Thursday, August 2, 2012

PCP in Theaters - The Dark Knight Rises

For the first time in a long time, I actually got a chance to see a movie on the day it was released.  I had the Friday off from work the day The Dark Knight Rises hit theaters, and I wasn't about to miss my opportunity to catch the film.  I also wasn't going to let the tragedy in Colorado deter me from catching this one in theaters as opposed to the comfort and safety of my own home. I'm definitely glad I didn't decide to wait.  I only wish I had a chance to catch it in IMAX, but maybe that'll have to happen if I get a chance to go a 2nd time.

The Dark Knight Rises - 2012, Rated PG-13.  164 minutes.  My rating:  10 out of 10.

The Dark Knight Rises was an outstanding conclusion to a grand trilogy.  This trilogy will go down in history as one of the best trilogies in film history (I currently slot it 3rd behind Lord of the Rings & the original Star Wars trilogy, and just ahead of the first 3 Indiana Jones movies) and deservedly so.  Picking up 8 years after the events of The Dark Knight, TDKR deals with a broken Bruce Wayne having to readopt the mantle of Batman that he had hung up after the death of Harvey Dent.  TDKR wastes little time in jumping into the action, introducing Bane in an epic opening involving a mid-air plane heist.  This action setpiece is an even better introduction to the villain as well as to the film than we were treated to in TDK when the Joker pulled off an awesome bank heist.

It is hard to review TDKR without making comparisons to both TDK and to Batman Begins, as obviously they are a very intertwined series.  In fact, TDKR goes back to the events of BB quite a lot, bringing back the League of Shadows from the first film.  If you never watched BB or TDK, go and watch those before watching TDKR as it will help greatly with your understanding of this film.  I have no problem with TDKR going back to the well of BB because it ties everything together rather nicely.  I do wonder however where the film would have gone if Heath Ledger had not died.  Would Nolan & Co still have gone in this direction for the finale of the series or would the plot of TDKR been completely different?  I would love to have a chance to ask Nolan that some day.

Read the rest of my thoughts on TDKR after the jump -->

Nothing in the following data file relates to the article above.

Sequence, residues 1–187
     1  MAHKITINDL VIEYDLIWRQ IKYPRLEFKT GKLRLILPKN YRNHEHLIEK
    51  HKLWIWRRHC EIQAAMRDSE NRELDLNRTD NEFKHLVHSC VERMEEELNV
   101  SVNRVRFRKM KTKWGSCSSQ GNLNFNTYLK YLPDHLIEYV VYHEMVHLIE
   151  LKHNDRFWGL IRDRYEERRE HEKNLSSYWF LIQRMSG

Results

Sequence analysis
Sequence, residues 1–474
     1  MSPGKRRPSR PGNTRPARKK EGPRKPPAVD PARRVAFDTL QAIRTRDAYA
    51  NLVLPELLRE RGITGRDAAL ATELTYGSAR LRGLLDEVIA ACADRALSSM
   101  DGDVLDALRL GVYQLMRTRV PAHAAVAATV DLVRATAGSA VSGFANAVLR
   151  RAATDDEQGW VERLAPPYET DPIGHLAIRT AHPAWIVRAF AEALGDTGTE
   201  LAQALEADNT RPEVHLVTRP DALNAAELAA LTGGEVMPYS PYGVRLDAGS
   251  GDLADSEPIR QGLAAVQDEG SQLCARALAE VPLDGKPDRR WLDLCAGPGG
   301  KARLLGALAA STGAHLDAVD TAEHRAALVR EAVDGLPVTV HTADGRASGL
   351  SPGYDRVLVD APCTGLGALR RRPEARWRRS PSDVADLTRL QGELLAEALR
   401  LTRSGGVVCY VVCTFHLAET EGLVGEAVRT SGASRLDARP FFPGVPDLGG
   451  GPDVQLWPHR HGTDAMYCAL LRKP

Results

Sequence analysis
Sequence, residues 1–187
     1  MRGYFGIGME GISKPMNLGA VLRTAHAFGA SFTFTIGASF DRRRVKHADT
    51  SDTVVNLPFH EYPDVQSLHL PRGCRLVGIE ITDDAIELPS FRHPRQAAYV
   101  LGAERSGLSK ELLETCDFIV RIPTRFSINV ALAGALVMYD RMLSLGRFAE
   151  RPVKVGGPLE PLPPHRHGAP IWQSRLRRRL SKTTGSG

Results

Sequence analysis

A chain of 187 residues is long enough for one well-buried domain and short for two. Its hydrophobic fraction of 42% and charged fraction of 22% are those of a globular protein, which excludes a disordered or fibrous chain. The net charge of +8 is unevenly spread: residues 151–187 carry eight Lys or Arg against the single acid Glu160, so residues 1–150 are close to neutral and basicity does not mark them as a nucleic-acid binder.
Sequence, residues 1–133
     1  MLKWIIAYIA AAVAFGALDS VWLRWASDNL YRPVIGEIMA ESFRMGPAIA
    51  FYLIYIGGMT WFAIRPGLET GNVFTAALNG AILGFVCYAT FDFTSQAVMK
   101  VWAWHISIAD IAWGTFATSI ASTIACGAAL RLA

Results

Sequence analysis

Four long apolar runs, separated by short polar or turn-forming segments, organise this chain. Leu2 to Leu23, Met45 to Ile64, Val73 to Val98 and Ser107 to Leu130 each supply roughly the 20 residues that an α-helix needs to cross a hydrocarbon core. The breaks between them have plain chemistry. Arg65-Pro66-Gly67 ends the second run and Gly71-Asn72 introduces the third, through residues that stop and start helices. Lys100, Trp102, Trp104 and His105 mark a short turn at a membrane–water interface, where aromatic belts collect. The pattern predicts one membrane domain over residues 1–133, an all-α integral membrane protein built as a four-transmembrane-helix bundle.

My only complaint with TDKR was because there were a couple spots that the film dragged.  It is not surprising, considering it is 2 hours and 45 minutes long, that there would be a couple dead spots within the film where it drags a little bit.  I know some people have complained about the length of the film as a whole, but honestly, in the long run, that just means there is that much more movie to enjoy.  I know that these are all characters that I wouldn't mind spending more time with, and I really didn't want the film to end.  Also, if you recently watched BB before watching TDKR, you might have noticed that the river surrounding Gotham got significantly larger between the films.  This was obviously due to the relocation of the film shooting from Chicago to Pittsburgh, but it was rather noticeable to me and it bugged me a little bit.  In BB, they raise all these drawbridges to isolate Gotham, and here in TDKR they have to blow up the bridges instead because they are significantly larger.  (that isn't a spoiler, it's in the trailer).

When the film is humming along though during the action sequences however, TDKR really shines. From the opening plane heist to the fights between Bane & Batman, every action sequence had me on the edge of my seat and wanting more. I especially loved the sequences involving the new flying vehicle, "the Bat."  Every time that thing was on screen the movie was instantly better. 

Despite the length of the film, when it was over I didn't want it to be over, I wanted another action setpiece or just a few more minutes with the characters.  Every one's performances are great, including the 3 imports from Inception of Tom Hardy, Joseph Gordon-Levitt, & Marion Cotillard.  I also loved Anne Hathaway's self interested and snarky take on Selina Kyle as well, she was a more realistic Catwoman than Michelle Pfeiffer's crazy-eyed take on the character in Batman Returns.  Also, based on the trailer I had been worried I wouldn't be able to understand Tom Hardy's Bane, but it turns out that he wasn't as difficult to understand as I had feared.  His imposing monster of muscle was a great villain, but he falls short of Heath Ledger's Joker from TDK, probably the best onscreen villain in comic-book film history.